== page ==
If you’re a solo or small firm, you’re a prime target for a cyber-attack – in fact you might have already been hit and don’t know it.
Close to two-thirds of cyber-attacks specifically target small businesses, according to the Verizon 2018 Data Breach Report. Hackers know small firms are easier prey than big banks and large corporations. They have less protection, weaker defenses and fewer IT resources.
Sometimes the bad guys make their dirty work obvious. In a ransomware attack, for example, they hijack your system and demand money to free it. Other times, they work in the shadows. They steal data from you and your clients, then plunder it for further exploitation or sell it on the dark web – and you may never know what happened.
And while big companies may be able to survive an attack, smaller shops might not. A study from the Cyber Security Alliance found that 60 percent of small businesses (not just law firms) are forced to close their doors within six months of a cyberattack.
10 Steps to Cyber-Safety
- Be aware of your risk. Acknowledging your exposure is priority number one. Don’t become complacent. Make sure your entire team is educated, on guard and vigilant.
- Train your staff. Human beings make mistakes. We click on lethal email links. We leave our laptop screens exposed to strangers passing by. We use unsecure passwords. Minimize your risk by holding regular staff meetings to talk about best practices and office vulnerabilities. Encourage people to report suspicious activity. Bring in an outside consultant for cyber-training.
- Don’t get phished. Email phishing is the most common way hackers break into small office systems. Here are some of the most frequent scams.
- Have a cyber-security plan. “Implementa password policy and a security monitoring policy, perform firewall updates, conduct regular penetration testing and create an incident response plan,” advises Jon Schramm in this article in Entrepreneur. “Nothing will protect you completely, but you can institute some practical measures. If you can show customers you were actively taking measures to protect them, they will be far more understanding in the event of a breach.”
- Outsource cyber-safety. Only about 20 percent of businesses believe their internal defenses are capable of managing IT threats, according to a Webroot survey. One solution is to contract with a cyber consultant to audit your system, conduct penetration testing, and recommend new fixes. It may cost less than you think. And it will free up your own IT personnel to focus on daily operations and workflow.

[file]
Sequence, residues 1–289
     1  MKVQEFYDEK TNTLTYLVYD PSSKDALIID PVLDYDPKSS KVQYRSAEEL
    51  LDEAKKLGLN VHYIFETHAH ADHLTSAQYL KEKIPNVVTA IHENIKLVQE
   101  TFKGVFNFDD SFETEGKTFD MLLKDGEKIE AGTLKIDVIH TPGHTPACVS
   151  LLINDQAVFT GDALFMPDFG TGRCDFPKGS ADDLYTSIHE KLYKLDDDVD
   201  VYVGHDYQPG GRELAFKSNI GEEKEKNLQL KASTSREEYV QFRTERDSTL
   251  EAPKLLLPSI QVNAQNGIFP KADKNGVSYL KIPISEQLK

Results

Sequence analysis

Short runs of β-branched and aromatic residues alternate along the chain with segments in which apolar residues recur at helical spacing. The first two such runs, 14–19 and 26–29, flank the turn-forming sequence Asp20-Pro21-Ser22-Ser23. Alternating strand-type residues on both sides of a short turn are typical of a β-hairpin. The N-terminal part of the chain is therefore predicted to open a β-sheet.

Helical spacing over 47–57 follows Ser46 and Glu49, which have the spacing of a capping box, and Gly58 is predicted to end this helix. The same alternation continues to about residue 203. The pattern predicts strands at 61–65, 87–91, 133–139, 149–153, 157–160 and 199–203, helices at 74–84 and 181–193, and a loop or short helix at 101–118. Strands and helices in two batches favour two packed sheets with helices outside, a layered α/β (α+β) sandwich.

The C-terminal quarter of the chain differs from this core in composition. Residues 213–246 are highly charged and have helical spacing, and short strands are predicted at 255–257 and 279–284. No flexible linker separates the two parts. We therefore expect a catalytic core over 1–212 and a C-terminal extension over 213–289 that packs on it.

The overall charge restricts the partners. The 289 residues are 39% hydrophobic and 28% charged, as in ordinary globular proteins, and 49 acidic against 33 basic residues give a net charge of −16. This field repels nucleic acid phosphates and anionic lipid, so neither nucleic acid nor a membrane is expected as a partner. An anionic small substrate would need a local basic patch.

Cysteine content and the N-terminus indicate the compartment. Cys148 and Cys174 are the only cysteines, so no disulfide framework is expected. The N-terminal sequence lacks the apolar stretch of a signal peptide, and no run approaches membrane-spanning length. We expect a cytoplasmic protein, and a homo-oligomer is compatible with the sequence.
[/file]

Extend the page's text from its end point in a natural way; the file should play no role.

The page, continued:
- Learn how to use your systems. Even if you aren’t personally responsible for running TrustBooks, your phone system or cloud storage, you should have a working knowledge of how these platforms work. That way you’ll know when a system needs to be replaced, repaired or reinforced.
- Put technology in your name. “You probably have other employees listed as owner or administrator of your technology,” writes business consultant Rhonda Abrams in USA Today. “Stop that! Now! Employees come and go. Even long-time, trusted employees come and go, and certainly the tech contractor will go. When they go, they may control your technology or even take it hostage.”
- Upgrade from a free online service to a paid version. “For relatively unimportant services, go ahead and use the free versions,” Abrams advises. “But for your critical infrastructure services – such as your payroll, website hosting, document storage – you’re going to find the free versions are not only limited, but you won’t get any kind of tech support and those free services may disappear or change suddenly. For the greatest protection and quality, pay for an appropriate level of service.”
- Use secure passwords and keep them safe. Sure, you’re sick of hearing this. But the reason you keep hearing it is because it’s so important. Learn how to create safe and strong passwords. Discover the best password manager programs for 2019.
- Backup vital info. Do this even if it’s stored with a top-level cloud company. You can never be too careful with your client data, financial information and personal information.
What tips would you add to the list?